adapter to hold a chuck on the carriage, or the milling attachment, for very
                        small drills?

                        Leon
                        --
                        Leon Heller
                        Amateur radio call-sign G1HSM
                        Yaesu FT-817ND and FT-857D transceivers
                        Suzuki SV1000S motorcycle
                        leon355@...
                        http://www.geocities.com/leon_heller






                        ---------------------------------
                        Ahhh...imagining that irresistible "new car" smell?
                        Check outnew cars at Yahoo! Autos.

                        ---------------------------------
                        Ahhh...imagining that irresistible "new car" smell?
                        Check outnew cars at Yahoo! Autos.

                        [Non-text portions of this message have been removed]
                      • n2562001
                        ... sort of ... attachment, for very ... Leon I have a very early Taig Lathe in my collection that has no tailstock by design with a drill chuck mounted to the
                        Message 11 of 15 , May 2, 2007
                          --- In taigtools@yahoogroups.com, "Leon" <leon355@...> wrote:
                          >
                          >
                          > I just had what seems to be a good idea! How about making some
                          sort of
                          > adapter to hold a chuck on the carriage, or the milling
                          attachment, for very
                          > small drills?
                          >
                          > Leon
                          > --

                          Leon
                          I have a very early Taig Lathe in my collection that has no
                          tailstock by design with a drill chuck mounted to the tool post for
                          drilling. It seems to me that some other Older small lathes may
                          have used this design but I can`t remember for sure. At any rate
                          at first it seems like a clever money saving design but has a number
                          of issues in use. First it is real pain and very time consuming to
                          try to align a chuck in three directions every time it is to be
                          used. Second it is not near as accurate as one might think. All
                          carriage and cross slides in all brands are designed to be accurate
                          and repeatable with downward pressure on the lathe tool.
                          If the gibbs are adjusted for free movement there will be some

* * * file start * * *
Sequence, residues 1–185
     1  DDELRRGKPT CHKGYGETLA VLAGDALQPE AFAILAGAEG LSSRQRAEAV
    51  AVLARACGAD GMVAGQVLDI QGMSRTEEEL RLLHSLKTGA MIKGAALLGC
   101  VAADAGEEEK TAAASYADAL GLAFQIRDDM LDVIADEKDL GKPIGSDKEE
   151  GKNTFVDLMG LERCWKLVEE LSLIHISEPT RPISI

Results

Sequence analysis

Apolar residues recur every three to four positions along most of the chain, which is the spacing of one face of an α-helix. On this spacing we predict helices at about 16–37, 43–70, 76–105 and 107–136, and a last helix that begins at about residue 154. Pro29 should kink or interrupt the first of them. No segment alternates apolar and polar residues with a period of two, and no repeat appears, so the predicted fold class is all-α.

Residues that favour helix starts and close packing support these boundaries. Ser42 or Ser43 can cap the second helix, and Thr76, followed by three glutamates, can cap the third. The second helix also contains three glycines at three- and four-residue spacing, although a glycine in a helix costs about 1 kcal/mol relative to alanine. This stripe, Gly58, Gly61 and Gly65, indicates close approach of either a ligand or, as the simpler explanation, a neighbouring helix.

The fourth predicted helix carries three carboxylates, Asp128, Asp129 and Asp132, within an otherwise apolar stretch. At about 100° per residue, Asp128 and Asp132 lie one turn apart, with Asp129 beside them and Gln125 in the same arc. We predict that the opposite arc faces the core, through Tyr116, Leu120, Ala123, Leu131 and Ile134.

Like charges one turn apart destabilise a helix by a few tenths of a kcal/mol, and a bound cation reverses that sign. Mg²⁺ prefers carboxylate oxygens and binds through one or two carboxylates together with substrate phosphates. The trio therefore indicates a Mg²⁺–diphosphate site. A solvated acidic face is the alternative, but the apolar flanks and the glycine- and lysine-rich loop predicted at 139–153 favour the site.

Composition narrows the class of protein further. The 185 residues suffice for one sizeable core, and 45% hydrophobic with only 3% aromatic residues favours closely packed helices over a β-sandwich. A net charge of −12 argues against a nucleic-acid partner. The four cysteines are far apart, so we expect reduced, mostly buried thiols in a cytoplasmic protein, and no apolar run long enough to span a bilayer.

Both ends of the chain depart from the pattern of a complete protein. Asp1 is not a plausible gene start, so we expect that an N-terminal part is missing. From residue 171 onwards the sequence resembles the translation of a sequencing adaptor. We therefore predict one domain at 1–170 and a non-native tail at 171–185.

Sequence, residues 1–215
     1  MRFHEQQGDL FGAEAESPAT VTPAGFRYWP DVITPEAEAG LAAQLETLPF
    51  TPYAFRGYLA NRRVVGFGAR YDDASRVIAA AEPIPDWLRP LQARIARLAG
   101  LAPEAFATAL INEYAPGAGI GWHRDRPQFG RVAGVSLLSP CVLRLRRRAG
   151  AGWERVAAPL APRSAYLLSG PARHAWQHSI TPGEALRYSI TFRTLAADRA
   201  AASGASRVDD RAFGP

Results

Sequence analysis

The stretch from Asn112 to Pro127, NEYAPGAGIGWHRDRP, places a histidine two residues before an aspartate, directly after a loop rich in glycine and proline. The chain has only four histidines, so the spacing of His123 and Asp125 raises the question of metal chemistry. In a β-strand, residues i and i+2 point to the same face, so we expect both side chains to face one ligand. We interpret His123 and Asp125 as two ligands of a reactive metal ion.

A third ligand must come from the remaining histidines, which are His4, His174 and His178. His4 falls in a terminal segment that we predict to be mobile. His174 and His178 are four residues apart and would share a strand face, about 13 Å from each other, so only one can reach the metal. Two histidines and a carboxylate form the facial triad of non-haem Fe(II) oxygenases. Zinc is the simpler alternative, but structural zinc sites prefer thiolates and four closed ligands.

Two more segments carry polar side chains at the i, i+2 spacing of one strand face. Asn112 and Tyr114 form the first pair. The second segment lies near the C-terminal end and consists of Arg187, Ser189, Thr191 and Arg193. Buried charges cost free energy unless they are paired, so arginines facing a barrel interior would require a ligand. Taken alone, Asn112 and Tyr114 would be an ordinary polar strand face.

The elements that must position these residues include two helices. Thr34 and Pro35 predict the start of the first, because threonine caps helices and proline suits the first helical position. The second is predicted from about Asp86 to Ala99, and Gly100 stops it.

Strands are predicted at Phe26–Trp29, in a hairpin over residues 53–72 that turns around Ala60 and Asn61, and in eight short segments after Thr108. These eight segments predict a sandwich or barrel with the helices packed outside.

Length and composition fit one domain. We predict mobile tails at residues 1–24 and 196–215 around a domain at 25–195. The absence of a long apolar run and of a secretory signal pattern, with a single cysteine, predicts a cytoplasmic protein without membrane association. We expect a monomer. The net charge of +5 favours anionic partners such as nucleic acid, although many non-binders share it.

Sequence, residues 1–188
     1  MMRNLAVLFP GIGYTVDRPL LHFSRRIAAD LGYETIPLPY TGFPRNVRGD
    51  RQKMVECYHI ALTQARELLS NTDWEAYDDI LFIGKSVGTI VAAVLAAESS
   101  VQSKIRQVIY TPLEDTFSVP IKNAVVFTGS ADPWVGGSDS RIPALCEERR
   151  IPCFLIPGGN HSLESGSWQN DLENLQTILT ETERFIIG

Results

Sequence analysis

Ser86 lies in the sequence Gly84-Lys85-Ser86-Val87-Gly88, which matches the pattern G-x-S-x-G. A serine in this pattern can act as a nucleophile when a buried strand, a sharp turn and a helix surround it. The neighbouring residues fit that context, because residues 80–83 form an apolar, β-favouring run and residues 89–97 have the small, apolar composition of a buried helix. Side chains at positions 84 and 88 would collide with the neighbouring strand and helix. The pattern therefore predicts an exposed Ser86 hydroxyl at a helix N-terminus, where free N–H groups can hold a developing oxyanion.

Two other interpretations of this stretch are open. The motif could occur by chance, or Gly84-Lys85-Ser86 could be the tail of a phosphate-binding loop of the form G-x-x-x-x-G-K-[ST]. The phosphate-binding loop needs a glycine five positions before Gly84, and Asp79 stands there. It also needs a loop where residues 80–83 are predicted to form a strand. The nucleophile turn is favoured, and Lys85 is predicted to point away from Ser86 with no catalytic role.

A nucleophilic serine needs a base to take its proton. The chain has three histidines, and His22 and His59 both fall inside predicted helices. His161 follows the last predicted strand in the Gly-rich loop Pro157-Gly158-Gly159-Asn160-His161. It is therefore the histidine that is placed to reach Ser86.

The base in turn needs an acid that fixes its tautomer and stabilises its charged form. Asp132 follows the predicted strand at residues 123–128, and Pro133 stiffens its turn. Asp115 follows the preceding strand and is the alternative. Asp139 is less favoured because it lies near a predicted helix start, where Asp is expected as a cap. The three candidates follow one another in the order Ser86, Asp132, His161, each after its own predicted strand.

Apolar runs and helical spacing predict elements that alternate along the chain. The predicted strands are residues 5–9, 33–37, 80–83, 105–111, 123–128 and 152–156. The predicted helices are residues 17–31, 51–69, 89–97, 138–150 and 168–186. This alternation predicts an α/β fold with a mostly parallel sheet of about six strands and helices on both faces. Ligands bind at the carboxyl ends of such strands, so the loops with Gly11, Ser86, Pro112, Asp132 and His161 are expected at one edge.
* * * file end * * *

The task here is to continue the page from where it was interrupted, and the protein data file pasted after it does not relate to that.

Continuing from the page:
slight upward movement of the assembly if pressure is applied to do
                          so, such as drilling and even just movement of the assembly
                          itsself. While certainly not enough to be concerned about for
                          general drilling or machining with a milling slide it can easily
                          effect critical alignment for micro drilling. Adjusting gibbs to
                          eliminate this possibility to protect expensive drills and tooling
                          each time used gets old fast. As mentioned in the past for one
                          time uses micro drilling on a Taig lathe is possible with proper
                          setup. The Tailstock needs to be clamped into posion and not moved
                          for each setup. Then adjust the Ram for free movement and heavily
                          and thoroughly lubricate it with motor oil to center it in the
                          tailstock. Next center drill and drill a piece of stock held in
                          the tailstock drill chuck to the same size as the micro drill
                          shank. Install the drill in the hole for drilling. Next remove the
                          tailstock lever that is not sensitive enough for micro drilling and
                          operate the Ram with your fingers. While not an ideal setup it
                          will work in most cases for that one time need.

                          Jerry Kieffer
                        • James Eckman
                          ... I don t know about cost, but I prefer the lever action tailstock over a screw type for this size lathe! Easy enough to add a stop if need be, just get a
                          Message 12 of 15 , May 3, 2007